Hellenistic Greece Timeline
This is a brief introduction to the Hellenistic Age in Greece, a period that followed the Classical Age and preceded the incorporation of the Greek empire within the Roman in 146 B.C.. During this time the language and culture of Greece spread throughout the world.
It usually officially starts with the death of Alexander in 323 B.C., although sometimes it starts within the Macedonian's lifetime.
Hellenistic Greece Intro
Archaic and Classical Greece produced a culture which the third era, the Hellenistic Age, spread throughout the known world. Because of the Macedonian empire builders, the realm of Greek influence spread from India to Africa.
Aftermath of the Death of Alexander the Great
When Alexander the Great died, his empire was divided in three parts: Macedonia and Greece, ruled by Antigonus, founder of the Antigonid dynasty; the Near East, ruled by Seleucus, founder of the Seleucid dynasty; and Egypt, where the general Ptolemy started the Ptolemid dynasty. The empire was wealthy thanks to the conquered Persians. With this wealth, building and other cultural programs were established in each region. The most famous contribution of Ptolemy was Library at Alexandria.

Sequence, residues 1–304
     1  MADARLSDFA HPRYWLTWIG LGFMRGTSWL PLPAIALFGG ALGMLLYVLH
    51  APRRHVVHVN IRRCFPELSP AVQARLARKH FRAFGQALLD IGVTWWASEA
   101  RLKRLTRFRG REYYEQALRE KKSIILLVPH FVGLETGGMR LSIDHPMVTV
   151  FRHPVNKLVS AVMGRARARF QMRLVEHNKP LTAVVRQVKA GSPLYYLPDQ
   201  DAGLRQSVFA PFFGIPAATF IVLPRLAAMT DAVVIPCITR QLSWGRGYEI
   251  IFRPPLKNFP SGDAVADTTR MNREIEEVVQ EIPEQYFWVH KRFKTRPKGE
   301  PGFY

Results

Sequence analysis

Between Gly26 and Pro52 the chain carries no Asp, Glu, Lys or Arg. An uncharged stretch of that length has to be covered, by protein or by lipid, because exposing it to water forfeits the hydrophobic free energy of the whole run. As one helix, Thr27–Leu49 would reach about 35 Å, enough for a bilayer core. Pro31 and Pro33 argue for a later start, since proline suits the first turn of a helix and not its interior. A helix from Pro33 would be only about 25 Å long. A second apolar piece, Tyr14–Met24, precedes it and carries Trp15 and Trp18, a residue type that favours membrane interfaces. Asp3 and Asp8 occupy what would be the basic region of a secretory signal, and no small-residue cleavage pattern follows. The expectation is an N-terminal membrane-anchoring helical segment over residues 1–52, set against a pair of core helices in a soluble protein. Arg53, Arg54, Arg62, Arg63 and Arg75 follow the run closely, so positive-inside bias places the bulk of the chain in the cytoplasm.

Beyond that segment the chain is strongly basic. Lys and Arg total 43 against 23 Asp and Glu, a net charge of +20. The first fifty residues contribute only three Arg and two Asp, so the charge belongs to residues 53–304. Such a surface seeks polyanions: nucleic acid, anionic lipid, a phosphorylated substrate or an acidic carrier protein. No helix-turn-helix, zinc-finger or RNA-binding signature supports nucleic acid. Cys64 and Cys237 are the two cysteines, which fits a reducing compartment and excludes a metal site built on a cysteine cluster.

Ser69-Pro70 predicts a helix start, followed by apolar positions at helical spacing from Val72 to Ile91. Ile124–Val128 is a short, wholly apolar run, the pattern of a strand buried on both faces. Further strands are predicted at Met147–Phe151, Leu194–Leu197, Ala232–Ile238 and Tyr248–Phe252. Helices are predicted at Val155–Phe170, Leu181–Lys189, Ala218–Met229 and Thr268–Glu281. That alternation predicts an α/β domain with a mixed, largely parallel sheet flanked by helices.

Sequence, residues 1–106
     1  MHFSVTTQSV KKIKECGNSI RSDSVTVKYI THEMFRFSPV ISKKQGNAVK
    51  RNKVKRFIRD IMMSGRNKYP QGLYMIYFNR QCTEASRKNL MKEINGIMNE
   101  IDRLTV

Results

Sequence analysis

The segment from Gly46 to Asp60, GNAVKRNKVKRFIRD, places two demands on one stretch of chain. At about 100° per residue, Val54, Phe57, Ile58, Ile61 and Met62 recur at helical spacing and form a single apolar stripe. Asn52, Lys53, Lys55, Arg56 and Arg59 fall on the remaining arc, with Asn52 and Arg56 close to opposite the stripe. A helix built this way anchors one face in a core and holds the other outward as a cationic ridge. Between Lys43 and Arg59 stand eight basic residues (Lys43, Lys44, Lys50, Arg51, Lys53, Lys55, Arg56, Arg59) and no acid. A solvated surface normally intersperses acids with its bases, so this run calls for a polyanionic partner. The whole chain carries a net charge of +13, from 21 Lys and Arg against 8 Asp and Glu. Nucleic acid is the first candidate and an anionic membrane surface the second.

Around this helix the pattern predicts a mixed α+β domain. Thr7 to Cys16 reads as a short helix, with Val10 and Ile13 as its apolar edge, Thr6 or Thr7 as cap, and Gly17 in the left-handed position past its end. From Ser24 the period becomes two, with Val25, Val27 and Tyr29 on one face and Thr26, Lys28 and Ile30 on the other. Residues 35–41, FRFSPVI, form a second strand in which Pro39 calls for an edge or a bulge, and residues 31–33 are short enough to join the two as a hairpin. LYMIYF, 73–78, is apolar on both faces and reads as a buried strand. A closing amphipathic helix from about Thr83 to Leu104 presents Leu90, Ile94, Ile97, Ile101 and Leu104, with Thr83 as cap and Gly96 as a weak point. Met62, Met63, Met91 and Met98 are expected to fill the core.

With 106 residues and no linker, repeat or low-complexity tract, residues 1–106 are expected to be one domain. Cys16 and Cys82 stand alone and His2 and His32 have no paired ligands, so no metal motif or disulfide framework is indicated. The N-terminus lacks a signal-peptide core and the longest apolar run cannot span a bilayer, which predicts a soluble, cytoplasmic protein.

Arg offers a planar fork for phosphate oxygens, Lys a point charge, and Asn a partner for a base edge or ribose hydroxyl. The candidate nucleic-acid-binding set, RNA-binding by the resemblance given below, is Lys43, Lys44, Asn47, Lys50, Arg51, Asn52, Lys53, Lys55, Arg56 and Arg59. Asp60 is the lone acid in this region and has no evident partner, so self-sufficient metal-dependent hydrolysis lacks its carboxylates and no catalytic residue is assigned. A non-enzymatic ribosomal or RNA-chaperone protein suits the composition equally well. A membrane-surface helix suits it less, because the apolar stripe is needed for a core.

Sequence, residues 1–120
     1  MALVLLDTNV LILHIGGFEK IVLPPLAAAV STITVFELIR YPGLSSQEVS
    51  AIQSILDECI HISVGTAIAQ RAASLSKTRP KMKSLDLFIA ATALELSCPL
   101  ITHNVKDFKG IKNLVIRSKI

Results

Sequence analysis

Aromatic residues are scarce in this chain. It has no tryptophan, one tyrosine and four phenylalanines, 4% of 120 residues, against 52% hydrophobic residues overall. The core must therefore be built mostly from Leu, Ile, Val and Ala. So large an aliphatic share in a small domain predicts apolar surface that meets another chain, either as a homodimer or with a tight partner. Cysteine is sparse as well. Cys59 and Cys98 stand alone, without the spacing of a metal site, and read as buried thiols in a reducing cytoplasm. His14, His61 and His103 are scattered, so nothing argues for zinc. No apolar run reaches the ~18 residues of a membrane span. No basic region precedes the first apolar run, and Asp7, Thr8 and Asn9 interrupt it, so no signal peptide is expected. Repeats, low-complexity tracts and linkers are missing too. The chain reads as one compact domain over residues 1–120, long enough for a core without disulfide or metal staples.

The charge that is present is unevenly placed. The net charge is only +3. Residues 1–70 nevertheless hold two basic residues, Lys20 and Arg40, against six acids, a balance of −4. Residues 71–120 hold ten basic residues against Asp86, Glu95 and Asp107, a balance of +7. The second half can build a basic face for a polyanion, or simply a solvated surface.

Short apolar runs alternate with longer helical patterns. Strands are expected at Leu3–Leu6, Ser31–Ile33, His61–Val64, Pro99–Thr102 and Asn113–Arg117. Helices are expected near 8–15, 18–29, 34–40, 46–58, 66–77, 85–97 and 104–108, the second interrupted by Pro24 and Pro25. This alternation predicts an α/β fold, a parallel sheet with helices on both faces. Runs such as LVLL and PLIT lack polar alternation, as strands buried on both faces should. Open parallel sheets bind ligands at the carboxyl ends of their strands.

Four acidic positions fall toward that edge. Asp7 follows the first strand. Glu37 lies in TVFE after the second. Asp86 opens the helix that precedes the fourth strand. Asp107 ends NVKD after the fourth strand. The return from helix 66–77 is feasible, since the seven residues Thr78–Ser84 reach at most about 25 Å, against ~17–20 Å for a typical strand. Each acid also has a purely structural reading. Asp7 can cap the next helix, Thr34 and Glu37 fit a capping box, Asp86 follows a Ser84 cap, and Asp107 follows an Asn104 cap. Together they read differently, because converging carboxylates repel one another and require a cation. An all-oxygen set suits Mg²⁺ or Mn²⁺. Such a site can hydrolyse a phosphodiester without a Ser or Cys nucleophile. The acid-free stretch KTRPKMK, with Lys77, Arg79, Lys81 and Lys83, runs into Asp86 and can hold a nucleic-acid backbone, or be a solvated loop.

Cultural Achievements of the Hellenistic Age
While the culture of ancient Greece was disseminated East and West, the Greeks adopted elements of eastern culture and religion, especially Zoroastrianism and Mithraism. Attic Greek became the lingua franca. Impressive scientific innovations were made in Alexandria where the Greek Eratosthenes computed the circumference of the earth, Archimedes calculated pi, and Euclid compiled his geometry text. In philosophy Zeno and Epicurus founded the moral philosophies of Stoicism and Epicureanism.
In literature, New Comedy evolved, as did the pastoral idyll form of poetry associated with Theocritus, and the personal biography, which accompanied a movement in sculpture to represent people as they were rather than as ideals, although there were exceptions in Greek sculpture -- most notably the hideous depictions of Socrates, although even they may have been idealized, if negatively.
Both Michael Grant and Moses Hadas discuss these artistic/biographical changes. See From Alexander to Cleopatra, by Michael Grant, and "Hellenistic Literature," by Moses Hadas. Dumbarton Oaks Papers, Vol. 17, (1963), pp. 21-35.Ancient Greece - Hellenistic Age